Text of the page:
The accessibility of the lyrics came through underlying themes of love, positivity, and sexuality brought unity to the global warehouse movement in cities like Detroit, Chicago, New York, Toronto, Manchester, and Berlin. There was, of course, a commercial aspect to these records too. We started to see record marketing reverse itself where 12″ releases were edited and released for radio and music video platforms like MTV. This was the complete opposite of how singles were released in the ’80s.
Chopped up and triggered
As music production shifted from the large format consoles of the ’80s into the digital era, we saw techniques changing. Equipment became cheaper and more accessible which gave artists the power to create records at home or in more affordable self-owned studios. The rise of sampling in music also gave producers the tools to manipulate vocals in new ways. Here, innovative work from Liam Howlett propelled The Prodigy from a warehouse act to becoming a worldwide phenomenon.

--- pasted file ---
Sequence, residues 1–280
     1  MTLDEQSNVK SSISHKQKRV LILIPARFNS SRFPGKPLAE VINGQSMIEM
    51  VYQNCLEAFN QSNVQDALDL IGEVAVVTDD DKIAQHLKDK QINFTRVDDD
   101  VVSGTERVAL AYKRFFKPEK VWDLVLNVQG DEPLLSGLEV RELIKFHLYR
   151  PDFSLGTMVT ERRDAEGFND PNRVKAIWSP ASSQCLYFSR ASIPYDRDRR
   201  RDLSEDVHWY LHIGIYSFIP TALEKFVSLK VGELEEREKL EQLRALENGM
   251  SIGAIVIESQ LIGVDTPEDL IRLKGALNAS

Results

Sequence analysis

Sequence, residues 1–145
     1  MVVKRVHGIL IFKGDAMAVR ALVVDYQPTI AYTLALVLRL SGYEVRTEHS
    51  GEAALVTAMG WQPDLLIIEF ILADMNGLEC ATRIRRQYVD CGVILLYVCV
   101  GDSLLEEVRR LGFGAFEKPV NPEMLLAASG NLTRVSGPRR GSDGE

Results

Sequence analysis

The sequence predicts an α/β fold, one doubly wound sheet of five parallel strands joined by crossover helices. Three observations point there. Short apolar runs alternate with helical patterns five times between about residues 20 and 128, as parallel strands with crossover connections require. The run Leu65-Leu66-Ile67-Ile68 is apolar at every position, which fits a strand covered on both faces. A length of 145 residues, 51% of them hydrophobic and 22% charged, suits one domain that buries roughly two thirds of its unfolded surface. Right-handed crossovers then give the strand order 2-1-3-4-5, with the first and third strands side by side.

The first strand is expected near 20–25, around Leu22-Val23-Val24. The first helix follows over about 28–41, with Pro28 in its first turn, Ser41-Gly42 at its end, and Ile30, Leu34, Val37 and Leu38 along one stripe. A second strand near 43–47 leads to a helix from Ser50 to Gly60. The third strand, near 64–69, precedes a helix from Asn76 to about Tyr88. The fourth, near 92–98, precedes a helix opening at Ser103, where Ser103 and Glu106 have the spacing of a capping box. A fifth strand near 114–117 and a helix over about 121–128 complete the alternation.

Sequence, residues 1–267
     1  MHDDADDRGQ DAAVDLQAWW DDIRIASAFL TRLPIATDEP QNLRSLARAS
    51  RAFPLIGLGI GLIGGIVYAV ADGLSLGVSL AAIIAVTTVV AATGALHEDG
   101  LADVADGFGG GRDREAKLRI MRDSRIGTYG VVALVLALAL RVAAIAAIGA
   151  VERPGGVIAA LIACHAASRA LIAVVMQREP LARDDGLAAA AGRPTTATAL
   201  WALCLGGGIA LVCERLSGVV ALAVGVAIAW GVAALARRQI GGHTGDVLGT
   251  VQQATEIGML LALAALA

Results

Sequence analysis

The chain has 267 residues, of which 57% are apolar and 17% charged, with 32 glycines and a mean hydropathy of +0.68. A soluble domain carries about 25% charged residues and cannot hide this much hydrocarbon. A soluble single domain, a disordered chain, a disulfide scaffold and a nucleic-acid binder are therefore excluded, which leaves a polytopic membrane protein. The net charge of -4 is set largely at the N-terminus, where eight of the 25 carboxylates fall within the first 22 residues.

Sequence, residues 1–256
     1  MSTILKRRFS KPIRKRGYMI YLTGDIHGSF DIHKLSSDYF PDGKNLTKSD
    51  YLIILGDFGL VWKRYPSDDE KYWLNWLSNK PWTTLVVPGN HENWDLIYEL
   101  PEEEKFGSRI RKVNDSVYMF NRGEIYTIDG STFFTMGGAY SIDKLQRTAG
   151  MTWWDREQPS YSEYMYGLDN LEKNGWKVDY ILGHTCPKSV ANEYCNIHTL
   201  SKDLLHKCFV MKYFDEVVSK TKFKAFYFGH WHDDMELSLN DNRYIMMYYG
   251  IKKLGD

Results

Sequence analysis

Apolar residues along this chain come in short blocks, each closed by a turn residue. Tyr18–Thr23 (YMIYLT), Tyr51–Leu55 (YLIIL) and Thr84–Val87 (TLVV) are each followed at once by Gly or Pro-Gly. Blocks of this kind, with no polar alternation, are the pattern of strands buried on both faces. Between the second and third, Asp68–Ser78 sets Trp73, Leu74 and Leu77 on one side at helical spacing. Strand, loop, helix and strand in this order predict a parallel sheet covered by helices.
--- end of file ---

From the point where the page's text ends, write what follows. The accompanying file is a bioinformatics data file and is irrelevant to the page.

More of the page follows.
Rules could be bent and broken and songs you would never have expected to chart enjoyed international success as remixes. Vocal hooks were performed on sample trigger pads rather than in the booth and the cross-pollination of sounds from the rave scene began to catch on with a far wider audience. Some examples like the infamous chipmunk pitched-up vocal sample stabs are still in use today.